Huge, swirling masses of plastic waste; dead zones from terrestrial run-off of fertilizer, industrial effluents and untreated municipal sewage; toxic oil spills, dwindling wild fish stocks, ocean acidification from greenhouse gas emissions and its implications at the base of the marine food web – the worrisome, myriad effects of human activities on the world’s oceans are getting a lot of media play, and justifiably so.
Reaching out to and engaging local communities, a mix of NGOs, Native American tribes, academic groups and government agencies aim to do some cleaning up of our nation’s shorelines and coastal waters. Eleven groups across the country have received $967,000 in funding through the National Oceanic and Atmospheric Administration’s (NOAA) Habitat Conservation and Restoration Center.
Local groups restoring coastal and marine habitats
NOAA’s funding supports local, community efforts to “create long-term ecological improvements for coastal habitat, waterways and wildlife, including migratory fish.”
Typically lasting 24 months, this year’s 11 community marine habitat conservation and restoration efforts encompass a wide range of activities that will improve the local coastal and marine environment. These include removal of derelict vessels and fishing nets, litter, lumber, tires and “other harmful marine debris from shorelines and coastal waters,” NOAA explains in a press release.
This year’s recipients were chosen from a group of 46 applicants with combined requests totaling $5 million, “demonstrating the widespread need to address marine debris across the country,” according to NOAA. The agency has funded 76 marine debris removal projects that have resulted in the removal of over 3,800 metric tons of marine debris from the oceans and Great Lakes since 2006.
As NOAA Marine Debris Program director Nancy Wallace was quoted as saying,
“Marine debris plagues coastlines all over the country, and these communities have the expertise and motivation to address it. We are proud to support them as they work to mitigate impacts and address the damage marine debris has caused.”
NOAA’s Restoration Center is now accepting applications for the next funding cycle. Applications are due November 1.
As listed in NOAA’s press release, this year’s Marine Debris clean-up projects are:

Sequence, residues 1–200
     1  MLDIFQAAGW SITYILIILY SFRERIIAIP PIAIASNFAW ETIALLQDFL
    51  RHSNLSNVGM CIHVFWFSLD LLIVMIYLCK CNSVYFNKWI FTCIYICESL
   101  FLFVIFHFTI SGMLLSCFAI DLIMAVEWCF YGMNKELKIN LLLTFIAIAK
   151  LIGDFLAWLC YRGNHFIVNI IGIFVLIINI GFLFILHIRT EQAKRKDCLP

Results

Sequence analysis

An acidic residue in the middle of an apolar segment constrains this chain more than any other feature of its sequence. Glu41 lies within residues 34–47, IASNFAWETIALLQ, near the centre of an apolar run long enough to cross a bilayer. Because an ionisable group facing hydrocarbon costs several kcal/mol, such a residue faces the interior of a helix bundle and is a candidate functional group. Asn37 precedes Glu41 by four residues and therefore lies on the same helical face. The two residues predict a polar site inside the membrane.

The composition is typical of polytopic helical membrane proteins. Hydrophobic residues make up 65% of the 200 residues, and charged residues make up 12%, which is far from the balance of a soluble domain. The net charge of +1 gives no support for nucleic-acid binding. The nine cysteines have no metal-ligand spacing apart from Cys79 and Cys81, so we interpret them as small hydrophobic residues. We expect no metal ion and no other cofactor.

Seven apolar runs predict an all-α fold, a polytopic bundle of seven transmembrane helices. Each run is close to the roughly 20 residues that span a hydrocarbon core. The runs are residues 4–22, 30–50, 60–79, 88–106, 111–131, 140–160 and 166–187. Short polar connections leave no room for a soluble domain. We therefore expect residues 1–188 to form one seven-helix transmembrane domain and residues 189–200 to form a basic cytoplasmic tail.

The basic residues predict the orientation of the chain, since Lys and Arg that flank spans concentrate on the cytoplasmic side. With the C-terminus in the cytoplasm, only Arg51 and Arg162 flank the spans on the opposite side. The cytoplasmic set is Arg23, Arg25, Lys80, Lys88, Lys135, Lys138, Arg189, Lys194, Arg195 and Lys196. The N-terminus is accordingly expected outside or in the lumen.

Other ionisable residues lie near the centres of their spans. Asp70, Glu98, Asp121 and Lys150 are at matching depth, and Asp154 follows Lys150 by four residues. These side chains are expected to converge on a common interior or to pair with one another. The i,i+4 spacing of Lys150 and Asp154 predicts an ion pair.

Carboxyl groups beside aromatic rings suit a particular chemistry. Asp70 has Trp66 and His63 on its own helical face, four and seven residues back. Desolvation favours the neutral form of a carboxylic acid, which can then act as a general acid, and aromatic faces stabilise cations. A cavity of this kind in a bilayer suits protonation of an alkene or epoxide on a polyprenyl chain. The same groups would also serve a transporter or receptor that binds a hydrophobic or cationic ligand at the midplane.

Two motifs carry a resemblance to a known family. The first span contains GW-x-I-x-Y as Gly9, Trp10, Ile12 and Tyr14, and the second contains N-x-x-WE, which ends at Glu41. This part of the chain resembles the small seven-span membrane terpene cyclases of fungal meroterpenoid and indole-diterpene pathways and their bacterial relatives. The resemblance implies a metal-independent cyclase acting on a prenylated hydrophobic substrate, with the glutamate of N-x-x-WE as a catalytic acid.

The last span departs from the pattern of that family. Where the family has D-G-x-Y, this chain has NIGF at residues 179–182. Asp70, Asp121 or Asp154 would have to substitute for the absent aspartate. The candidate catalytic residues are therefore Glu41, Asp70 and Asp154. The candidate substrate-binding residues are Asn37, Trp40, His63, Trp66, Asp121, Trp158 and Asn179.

Alabama: The Dauphin Island Sea Lab will remove derelict vessels and address habitat impairment in the Dog River Watershed in Mobile. ($99,766)
Alaska: The Alaska Marine Stewardship Foundation will conduct marine debris cleanups in five communities in the Bering Sea: Port Heiden, Nelson Lagoon, Nikolski, St. George and Savoonga. ($210,000) The Sitka Sound Science Center will perform cleanups of tsunami debris from Japan that impacted Alaskan coastlines. ($120,000)
California: The Wiyot Tribe of the Humboldt Bay region will remove large marine debris from the within bay and on Indian Island, a National Historic Landmark known for its importance as the site of the Wiyot World Renewal ceremony. ($125,000)
Florida: The Coastal Cleanup Corporation will remove plastics, glass, Styrofoam, rubber and discarded fishing gear from sea turtle nesting sites within Biscayne National Park. ($16,953)
Hawaii: The Hawaii Wildlife Fund will continue its work to remove marine debris from the shoreline of Big Island of Hawaii, focusing on the Ka’u coast. ($45,000) The Hawaii Department of Land and Natural Resources will remove debris from Kaho’olawe. ($100,530)
New York: Hofstra University will remove debris from one of the last remaining natural salt marshes in Nassau County, in collaboration with Long Beach School District and Town of Hempstead. ($75,000)
North Carolina: The North Carolina Coastal Federation will implement a pilot program working with commercial fishermen to remove derelict crab pots and repurpose them as artificial oyster reefs. ($35,576)
Puerto Rico: The Corporation for the Conservation of the San Juan Bay Estuary will remove litter from Condado Lagoon, one of two natural lagoons in Puerto Rico. ($40,000)
Washington: The Northwest Straits Foundation will continue its longstanding efforts to remove derelict fishing nets from Puget Sound and surrounding marine waters. ($99,995)
NOAA’s Marine Debris Program “leads national efforts to research, prevent and reduce the impacts of marine debris. Its staff, which is positioned across the country, supports marine debris projects in partnership with state and local agencies, tribes, non-governmental organizations, academia and industry. The program also spearheads national research efforts and works to change behavior in the public through outreach and education initiatives.” Visit their website for more information.